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Old 05-16-2019, 05:48 AM
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lightly rear ended, other guy's ins says the will only bondo beneath tire mount

Vehicle is 2017 2-door Rubi with only 12,700 miles and not a scratch on it. Looks like the day I drove it off the lot.

My 24 year old son was driving, we were first car at a light, got lightly rear ended at light turned green. Distracted driver who hit us repeatedly said he could see no damage to my jeep, but I could see my bumper damage and that seems on rear hatch were now uneven (about 1/4 in in the bottom and about 1/4 out at the top). since he was saying my JK was not damaged and I could see damage, I had to file with his insurance which rated it as 100% their insured's fault.

There were three contact points, a) rear stock 17 M/T tire, b) bumper slight deformation and color change on crush can plus a divot on the bumper skin from his licence plate screw, c) hitch face scratched and hitch cover cut off.

Used jeep certified shop that is BBB member and BBB A+ rated. I dont have 100% confidence in Yelp but shop has good number of good reviews from yelp from reviewers with many reviews), shop owner is a jeep owner and I myself know enough about body work from younger days high school auto shop to feel confident he is on my side. I have high confidence in the shop.

There are a couple of things I am unhappy about with the appraiser's estimate, for example appraiser wrote it up with third party bumper. But the bumper is $385 mopar factory and $330 non-factory, and i would rather pay the difference instead of wasting >$50 of my time that.

BUT turns out rear door/hatch skin is also deformed right at lower point of attachment. Appraiser wrote it up as bondo repair on rear door. the deformed area on the door is right under the lower attachment point for the tire mount. I just cannot see putting filler there given the weight of an M/T tire, the thousands of cycles opening and closing the door, and even driving over time with that weight pushing on the bondo. It is like putting bondo at a door hinge mount: it is going to crack from mechanical action over time. Shop is saying it is crazy to insist on bondo there.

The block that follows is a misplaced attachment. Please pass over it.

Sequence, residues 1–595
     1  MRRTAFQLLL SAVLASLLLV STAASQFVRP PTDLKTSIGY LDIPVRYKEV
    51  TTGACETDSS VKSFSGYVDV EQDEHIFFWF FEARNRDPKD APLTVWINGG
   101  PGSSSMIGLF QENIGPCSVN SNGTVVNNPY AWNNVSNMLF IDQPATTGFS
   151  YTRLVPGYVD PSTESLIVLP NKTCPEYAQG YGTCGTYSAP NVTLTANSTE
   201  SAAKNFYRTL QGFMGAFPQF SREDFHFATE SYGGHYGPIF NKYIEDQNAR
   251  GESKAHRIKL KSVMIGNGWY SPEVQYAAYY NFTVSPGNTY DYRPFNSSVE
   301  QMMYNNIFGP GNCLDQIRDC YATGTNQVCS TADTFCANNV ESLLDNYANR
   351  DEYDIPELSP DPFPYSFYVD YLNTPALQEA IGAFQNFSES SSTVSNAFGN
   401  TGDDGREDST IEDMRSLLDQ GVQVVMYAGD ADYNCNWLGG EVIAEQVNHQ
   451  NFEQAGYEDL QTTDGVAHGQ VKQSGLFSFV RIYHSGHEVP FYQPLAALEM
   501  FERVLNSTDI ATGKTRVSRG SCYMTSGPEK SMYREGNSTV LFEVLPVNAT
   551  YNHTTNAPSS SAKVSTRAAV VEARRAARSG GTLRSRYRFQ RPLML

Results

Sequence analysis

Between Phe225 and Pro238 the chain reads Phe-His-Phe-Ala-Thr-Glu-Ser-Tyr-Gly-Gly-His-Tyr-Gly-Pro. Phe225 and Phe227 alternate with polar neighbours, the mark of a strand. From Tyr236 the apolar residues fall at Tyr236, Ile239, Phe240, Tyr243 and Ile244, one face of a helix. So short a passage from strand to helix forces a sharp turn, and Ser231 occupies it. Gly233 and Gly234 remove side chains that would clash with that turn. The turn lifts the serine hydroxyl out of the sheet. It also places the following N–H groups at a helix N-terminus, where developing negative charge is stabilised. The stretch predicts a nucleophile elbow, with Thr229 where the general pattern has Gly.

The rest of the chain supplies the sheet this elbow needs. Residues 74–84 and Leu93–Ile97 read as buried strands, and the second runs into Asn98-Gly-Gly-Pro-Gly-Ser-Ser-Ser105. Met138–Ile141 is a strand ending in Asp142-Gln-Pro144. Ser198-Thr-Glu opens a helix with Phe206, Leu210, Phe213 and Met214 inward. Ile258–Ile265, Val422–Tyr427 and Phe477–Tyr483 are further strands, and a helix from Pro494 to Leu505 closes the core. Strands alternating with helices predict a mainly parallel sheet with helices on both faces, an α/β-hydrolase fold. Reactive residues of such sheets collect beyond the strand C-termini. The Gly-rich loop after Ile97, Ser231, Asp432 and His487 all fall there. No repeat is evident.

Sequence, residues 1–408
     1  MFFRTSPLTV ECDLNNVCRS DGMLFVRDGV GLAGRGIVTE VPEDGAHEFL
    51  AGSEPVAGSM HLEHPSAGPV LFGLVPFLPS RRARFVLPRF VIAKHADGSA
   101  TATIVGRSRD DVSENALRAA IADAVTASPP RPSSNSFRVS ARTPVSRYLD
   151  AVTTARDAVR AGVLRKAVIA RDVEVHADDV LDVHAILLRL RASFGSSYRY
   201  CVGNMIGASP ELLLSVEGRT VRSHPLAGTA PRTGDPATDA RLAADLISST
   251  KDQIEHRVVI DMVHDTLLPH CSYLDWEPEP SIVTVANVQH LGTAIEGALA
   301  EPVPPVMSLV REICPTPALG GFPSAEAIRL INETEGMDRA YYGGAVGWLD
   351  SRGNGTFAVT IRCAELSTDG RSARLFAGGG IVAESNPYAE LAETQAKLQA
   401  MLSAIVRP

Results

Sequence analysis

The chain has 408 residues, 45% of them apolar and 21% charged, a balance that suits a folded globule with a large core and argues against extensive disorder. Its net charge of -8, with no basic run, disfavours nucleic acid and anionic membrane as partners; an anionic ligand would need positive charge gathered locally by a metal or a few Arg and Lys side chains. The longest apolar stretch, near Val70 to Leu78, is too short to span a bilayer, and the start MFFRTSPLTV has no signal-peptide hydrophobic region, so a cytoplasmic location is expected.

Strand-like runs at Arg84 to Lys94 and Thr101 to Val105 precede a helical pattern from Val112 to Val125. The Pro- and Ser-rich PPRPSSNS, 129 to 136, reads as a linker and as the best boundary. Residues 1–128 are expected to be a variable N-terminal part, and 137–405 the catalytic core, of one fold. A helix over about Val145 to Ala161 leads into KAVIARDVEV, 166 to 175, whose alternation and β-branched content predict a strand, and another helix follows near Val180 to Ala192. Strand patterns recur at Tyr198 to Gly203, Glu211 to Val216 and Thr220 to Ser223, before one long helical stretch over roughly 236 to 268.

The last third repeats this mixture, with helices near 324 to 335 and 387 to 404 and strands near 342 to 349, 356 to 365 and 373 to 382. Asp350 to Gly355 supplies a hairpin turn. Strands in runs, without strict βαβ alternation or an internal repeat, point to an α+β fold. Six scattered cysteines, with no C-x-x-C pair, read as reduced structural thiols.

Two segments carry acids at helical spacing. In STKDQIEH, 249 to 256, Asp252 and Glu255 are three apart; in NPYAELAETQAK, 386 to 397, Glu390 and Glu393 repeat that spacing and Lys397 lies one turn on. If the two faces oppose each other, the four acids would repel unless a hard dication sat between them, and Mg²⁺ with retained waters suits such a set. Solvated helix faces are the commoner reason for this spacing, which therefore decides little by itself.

I called the insured's appraiser. Was polite but firm. I told him I was obviously not trying to milk this since I hadn't even asked for a rental but there was no way bondo was ok under a massively heavy wheel and tire. He insisted "no one likes bondo, but this is standard." I said, ok standard maybe on a trunk lid, but it we know it will crack at some point under that tire.

any ideas? I'd leave the door un-repaired with the crease or pay the $600 difference before I would accept putting bondo there. That $600 difference is also not enough to make getting an attorney involved worthwhile.

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Old 05-16-2019, 06:01 AM   #2
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I would call your insurance company an request that they send out a appraiser as well. That way you have your insurance company that will fight for you. Explain all your concerns with your company. They may do the repairs out of your insurance then go after the other for payment for you. If you both have the same company then your probably out of luck. But if they pay out for you it will not go against your insurance and they can fight it out. Hope it all works out for you. Good luck...they are in the market to do it as cheap as possible, at any expense.
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Old 05-16-2019, 06:08 AM   #3
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I second going through your insurance. Have them fix it right and let them subrogate it.
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Old 05-16-2019, 06:08 AM   #4
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You can take it to the shop of your choice and have it appraised. Make it clear to them you want it brought back to the same condition it was in before the other guy hit you. They are typically required to do that. The same condition it was in before would mean no bondo.
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Old 05-16-2019, 06:08 AM   #5